Madeline Gressel

Correspondent

  • Hong Kong, China, Asia

Madeline Gressel is a correspondent who lives in Hong Kong and covers the city for Forbes Travel Guide. Her work can be found in The Wall Street Journal Asia, The South China Morning Post, Time Out Hong Kong, Matador Network and The Glass Magazine. Since graduating high school, Gressel has lived in Udaipur, Bombay, Montreal and Hong Kong, and visited more than 40 countries. She loves scuba diving, music festivals and searching for national renditions of fried chicken. Although most of her travel is in Asia, she holds an enduring love for Provence, Vienna, Virgin Gorda and her hometown, New York City. Russia, Turkey and Madagascar top her travel bucket list.

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  • On July 31, 2013
    Madeline Gressel answered the question: Madeline Gressel

    What are the best hiking trails in Hong Kong?

    Hong Kong is a hiker's dream: hilly, scenic, temperate, and highly accessible by public transport. Few tourists take advantage of the tropical paradise outlying the city center, but those who do are richly rewarded with green mountains, turquoise seas, and gorgeous beaches that can't be reached any other way (except by yacht, of course). Go on...take a hike. 

    Dragon's Back: This is the classic Hong Kong beginner's hike, and it hits all the marks: scenic, accessible, and ends in a beach. True to its name, the hike runs up and down the humps of a hill range overlooking Stanley Bay. The hike is relatively unstrenuous, and you'll be rewarded at the end by Shek O beach, where you can swim, tan, and eat at the delicious Thai restaurant, Happy Garden. Accessible from the number 9 bus from Shau Kei Wan. 

    MacLehose trail: This New Territories trail is considerably harder than Dragon's Back, with considerably better rewards--which only increase as you push onwards. The entire trail is 100km long, but you can choose a section and go from there. Start at the Pavilion in Sai Kung Country Park (accessible by mini bus or taxi from Kowloon), and hike downwards until you reach Sai Wan beach. Sai Wan is nice enough, and there's a freshwater rock pool with a waterfall about ten minutes walk away. But push onwards, over a steep hill, to the next bay, Ham Tin, which is even more beautiful and serene. Get lunch at one of the cute eateries here, and then, if you're not too exhausted, climb over the next hill to Tai Wan-- Hong Kong's most beautiful beach. 

    The Peak: Less of a hike and more of a walk, Victoria Peak is a great place to experience the nature of Hong Kong without leaving the city. You can either hike all the way up from Central, past elegant apartment compexes and mansions, or take the tram up, and then circle the Peak on Lugard and Harlech roads. The scenery is lovely, and the whole walk takes only about an hour. Then reward yourself with lunch or walk back down.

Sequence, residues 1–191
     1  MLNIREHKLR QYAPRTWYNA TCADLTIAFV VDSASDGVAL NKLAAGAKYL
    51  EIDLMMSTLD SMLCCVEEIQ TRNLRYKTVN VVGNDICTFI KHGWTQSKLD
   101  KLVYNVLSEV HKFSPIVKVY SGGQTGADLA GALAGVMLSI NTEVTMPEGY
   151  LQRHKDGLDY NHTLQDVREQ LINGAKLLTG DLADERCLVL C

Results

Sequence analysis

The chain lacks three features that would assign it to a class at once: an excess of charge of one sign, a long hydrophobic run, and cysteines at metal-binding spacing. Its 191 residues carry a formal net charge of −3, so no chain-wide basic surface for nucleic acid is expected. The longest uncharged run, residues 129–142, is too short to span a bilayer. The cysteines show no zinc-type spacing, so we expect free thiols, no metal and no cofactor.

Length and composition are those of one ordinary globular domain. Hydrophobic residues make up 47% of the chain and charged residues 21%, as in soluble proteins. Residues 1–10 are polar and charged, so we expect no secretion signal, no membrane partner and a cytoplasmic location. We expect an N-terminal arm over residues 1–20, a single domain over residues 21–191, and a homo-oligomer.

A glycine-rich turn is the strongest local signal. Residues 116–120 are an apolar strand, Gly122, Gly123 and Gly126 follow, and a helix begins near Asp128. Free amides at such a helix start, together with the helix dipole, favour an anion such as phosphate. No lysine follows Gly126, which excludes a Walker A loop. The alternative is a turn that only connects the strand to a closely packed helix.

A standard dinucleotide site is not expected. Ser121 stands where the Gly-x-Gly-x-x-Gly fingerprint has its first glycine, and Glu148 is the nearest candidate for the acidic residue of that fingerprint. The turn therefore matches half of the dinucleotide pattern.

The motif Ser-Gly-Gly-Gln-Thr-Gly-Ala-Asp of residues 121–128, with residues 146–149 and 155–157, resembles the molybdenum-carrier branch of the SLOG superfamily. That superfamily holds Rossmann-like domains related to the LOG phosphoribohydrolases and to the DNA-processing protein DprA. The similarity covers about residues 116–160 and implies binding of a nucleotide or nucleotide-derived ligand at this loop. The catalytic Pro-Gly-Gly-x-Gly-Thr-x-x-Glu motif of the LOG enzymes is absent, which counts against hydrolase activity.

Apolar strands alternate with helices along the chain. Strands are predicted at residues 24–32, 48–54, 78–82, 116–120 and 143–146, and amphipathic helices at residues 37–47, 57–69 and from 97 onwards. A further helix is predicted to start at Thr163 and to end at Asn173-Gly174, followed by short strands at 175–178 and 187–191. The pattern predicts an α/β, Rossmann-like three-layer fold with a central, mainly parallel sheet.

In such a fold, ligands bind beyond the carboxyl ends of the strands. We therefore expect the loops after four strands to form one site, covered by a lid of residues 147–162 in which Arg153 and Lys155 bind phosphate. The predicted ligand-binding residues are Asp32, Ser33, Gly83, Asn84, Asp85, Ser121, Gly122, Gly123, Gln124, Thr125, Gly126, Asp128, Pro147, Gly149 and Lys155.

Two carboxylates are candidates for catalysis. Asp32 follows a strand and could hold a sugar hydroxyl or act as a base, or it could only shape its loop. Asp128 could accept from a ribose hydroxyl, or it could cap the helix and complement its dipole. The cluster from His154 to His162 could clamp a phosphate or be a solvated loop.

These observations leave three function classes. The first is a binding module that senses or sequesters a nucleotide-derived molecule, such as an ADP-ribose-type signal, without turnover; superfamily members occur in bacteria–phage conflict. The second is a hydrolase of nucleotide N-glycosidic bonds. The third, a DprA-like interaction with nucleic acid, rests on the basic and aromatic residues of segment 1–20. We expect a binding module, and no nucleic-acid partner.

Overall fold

• On July 31, 2013
    Madeline Gressel answered the question: Madeline Gressel

    What is the hottest nightclub in Hong Kong?

    Like any big city, Hong Kong's hippest club is constantly changing. But here are some perrenial favorites: 

    Hottest crowd, Boujis: There's a definite emphasis on exclusivity at this outpost of London's celebrity den, but once inside, the crowd, the vibe, and the musica are all quite fun. 

    Hottest music, Volar: Technically a members-only club, Volar has a tough door. Inside, there's usually a top international DJ, and recently, the newly-renovated club hosted hip-hop icons Dr Dre and Kendrick Lamar. People flock to Volar not to see and be seen, but to dance. 

    Coolest vibe, Insenses: Ask a Hong Kong DJ what their favorite club is, and they'll likely name Insenses. This insider favorite distinguishes itself with wildly enthusiastc DJs and patrons alike, both there to get down. It's a place to come and feel like a local. The space is miniscule, but if you get too hot, there's a sizeable outdoor terrace where you can enjoy a cool drink. 

  • On July 31, 2013
    Madeline Gressel answered the question: Madeline Gressel

    What are the five best food experiences in Hong Kong?

    Hong Kong is known for its strong and unique food culture, and there are certain experiences that you just shouldn't miss. 

    Dim Sum: Dim Sum literally means touching the heart, but in practice, it's a delicious meal of savory and sweet dishes (not always so small), like noodle rolls, dumplings, fried squid, and sauteed vegetables. It's also a serious staple of Hong Kong cuisine and family life. Dim Sum was traditionally often served from carts which circled the dining room, but that's harder to find these days. For the dim sum cart experience, try Maxim's Palace in Admiralty, or Lin Heung Kui, in Sheung Wan. For a more elegant experience, go to the Four Seasons' Lung King Heen, often called the best Chinese food in the city. 

    Duck, Duck, Goose: Hong Kongers love their BBQ poultry. The best place for goose is the very delicious, very celebrated Yung Kee. For Peking Duck, try Peking Garden, where you can also watch the chef deftly hand-pull lo mein noodles. It's like magic. 

    Lamma Seafood: Hong Kong is full of fresh seafood, but for the full experience, head to quiet Lamma Island, where you'll eat overlooking the lapping ocean as you eat. The prices are good and the menu is enormous, featuring lobster, clams, prawns, whole grilled fish you choose from a tank, scallops in cheese, and more. Rainbow is a trusty bet, and offers a free ferry to the island from Central, upon reservation.